TransLink staff have been told that a cyberattack early this month accessed personal banking information and other files, and is advising employees to sign up for credit monitoring.
In an internal email to employees at Coast Mountain Bus Company (CMBC) obtained by Global News Wednesday, staff were told the attackers “accessed and may have copied files from a restricted network drive” that contains payroll information for TransLink, CMBC and Metro Vancouver Transit Police employees, along with other network drives.
“Those restricted network drives include files that contain banking information and some social insurance numbers,” the email says.
The company says it is quickly working to determine exactly what files were accessed and identify the individuals affected. Those employees will be given a detailed description of what information has been compromised “as soon as possible.”
All employees are being urged to sign up for two-year credit monitoring, which is being provided through the workers’ union at no cost to staff.
Global News reached out to Translink on Wednesday evening, and heard back from Translink Spokesperson Ben Murphy via email, who confirms the information contained in the leaked email.
Murphy stresses that this is an issue of concern only to Translink employees, not customers.
“Importantly, as we outlined previously, TransLink does not store or have access to Compass customer fare payment information,” said Murphy. “We are now in the process of gradually bringing priority systems back online as safely as possible.”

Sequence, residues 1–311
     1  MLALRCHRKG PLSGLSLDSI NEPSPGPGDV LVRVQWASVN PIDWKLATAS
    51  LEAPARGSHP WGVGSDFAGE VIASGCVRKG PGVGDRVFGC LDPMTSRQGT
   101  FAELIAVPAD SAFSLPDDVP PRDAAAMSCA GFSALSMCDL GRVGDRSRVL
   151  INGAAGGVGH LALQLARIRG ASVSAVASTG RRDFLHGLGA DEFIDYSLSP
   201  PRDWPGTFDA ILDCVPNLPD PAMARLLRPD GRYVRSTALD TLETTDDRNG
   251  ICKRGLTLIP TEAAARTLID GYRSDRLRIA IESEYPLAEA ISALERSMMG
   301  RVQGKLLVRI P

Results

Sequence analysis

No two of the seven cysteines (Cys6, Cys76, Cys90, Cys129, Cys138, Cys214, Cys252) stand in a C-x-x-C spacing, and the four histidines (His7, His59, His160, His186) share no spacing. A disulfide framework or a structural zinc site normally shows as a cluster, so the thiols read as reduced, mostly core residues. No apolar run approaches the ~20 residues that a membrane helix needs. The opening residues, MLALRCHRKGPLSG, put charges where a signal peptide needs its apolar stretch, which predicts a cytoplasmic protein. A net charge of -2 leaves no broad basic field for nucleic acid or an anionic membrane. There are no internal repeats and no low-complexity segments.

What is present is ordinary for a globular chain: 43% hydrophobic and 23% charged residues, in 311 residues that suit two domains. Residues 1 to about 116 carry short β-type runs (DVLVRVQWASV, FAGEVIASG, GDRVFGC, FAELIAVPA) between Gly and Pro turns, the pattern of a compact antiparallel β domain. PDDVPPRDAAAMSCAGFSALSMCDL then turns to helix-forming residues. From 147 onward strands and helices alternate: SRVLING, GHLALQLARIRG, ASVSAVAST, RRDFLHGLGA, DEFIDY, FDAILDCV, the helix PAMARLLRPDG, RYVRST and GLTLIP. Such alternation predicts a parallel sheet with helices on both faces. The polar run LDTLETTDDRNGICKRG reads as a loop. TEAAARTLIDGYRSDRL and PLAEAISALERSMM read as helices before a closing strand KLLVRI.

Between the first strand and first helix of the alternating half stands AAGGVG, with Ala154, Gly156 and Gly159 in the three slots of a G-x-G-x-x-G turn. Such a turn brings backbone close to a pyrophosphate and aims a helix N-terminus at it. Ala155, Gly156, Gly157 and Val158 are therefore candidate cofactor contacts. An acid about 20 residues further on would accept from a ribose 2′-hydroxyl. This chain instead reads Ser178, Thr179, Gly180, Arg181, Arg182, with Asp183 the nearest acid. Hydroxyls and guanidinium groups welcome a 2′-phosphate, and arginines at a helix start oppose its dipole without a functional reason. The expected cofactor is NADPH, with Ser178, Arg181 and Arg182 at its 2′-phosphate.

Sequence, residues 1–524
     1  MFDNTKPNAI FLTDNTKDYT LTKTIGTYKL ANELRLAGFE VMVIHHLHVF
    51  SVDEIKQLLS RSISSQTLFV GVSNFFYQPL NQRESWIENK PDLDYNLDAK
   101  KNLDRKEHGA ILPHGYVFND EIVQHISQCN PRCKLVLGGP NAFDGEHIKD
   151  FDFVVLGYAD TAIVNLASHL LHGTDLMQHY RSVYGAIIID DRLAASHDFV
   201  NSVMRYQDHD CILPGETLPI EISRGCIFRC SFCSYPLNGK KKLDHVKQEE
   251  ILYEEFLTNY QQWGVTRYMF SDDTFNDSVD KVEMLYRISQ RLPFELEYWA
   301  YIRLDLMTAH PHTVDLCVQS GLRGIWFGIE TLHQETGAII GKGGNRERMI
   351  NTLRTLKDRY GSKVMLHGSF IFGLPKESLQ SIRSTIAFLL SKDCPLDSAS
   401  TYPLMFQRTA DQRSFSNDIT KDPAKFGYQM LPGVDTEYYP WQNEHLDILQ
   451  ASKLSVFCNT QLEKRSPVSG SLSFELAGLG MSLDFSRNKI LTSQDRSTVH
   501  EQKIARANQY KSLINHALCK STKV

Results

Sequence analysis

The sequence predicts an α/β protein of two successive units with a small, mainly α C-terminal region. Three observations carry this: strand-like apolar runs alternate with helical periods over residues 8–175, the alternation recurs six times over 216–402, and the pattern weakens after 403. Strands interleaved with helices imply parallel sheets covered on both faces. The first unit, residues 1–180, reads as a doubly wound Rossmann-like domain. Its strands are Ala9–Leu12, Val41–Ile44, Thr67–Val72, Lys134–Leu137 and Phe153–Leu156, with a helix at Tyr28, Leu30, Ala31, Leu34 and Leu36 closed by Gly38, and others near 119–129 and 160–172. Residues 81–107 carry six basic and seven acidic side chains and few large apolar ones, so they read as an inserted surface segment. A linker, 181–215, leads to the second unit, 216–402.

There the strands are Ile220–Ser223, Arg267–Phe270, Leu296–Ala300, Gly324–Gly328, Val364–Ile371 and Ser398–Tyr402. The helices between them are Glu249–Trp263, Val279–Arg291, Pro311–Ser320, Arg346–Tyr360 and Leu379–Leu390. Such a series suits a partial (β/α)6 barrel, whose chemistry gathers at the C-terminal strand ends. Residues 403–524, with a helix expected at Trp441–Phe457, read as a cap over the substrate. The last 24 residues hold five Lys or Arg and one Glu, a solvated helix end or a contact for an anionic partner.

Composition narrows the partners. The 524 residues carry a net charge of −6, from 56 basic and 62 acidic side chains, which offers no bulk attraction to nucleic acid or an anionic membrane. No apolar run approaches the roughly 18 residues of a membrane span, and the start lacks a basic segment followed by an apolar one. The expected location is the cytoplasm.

The ransomware attack, which was first reported Dec. 2 and confirmed by the transit authority a day later, forced TransLink to shut down all of its online operations after sources said the entire database was breached earlier that week. Credit card tapping on Compass gates and non-cash payments at Compass vending machines were also temporarily disabled.
Ransomware is a type of malicious software that locks up a computer network or steals data. Attackers demand a ransom in exchange for unlocking the system or returning the data.
In the ransom letter sent to TransLink and obtained by Global News, the attackers say the transit authority’s network “has been ATTACKED, your computers and servers were LOCKED, your private data was DOWNLOADED.
“If you do not contact us in the next three DAYS we will begin DATA publication.”
The letter viewed by Global News does not specify a ransom amount, but goes on to claim that recovering the data and systems without paying the ransom will cost “hundreds of millions” of dollars.
TransLink took the position that it will not give in to the ransom demand, sources told Global News at the time.
The attack forced TransLink to pay employees through a cash advance after its payroll operations were suspended.
Metro Vancouver Transit Police says an investigation has been launched involving local and national cyber-crime experts.
–With files from Amy Judd and Simon Little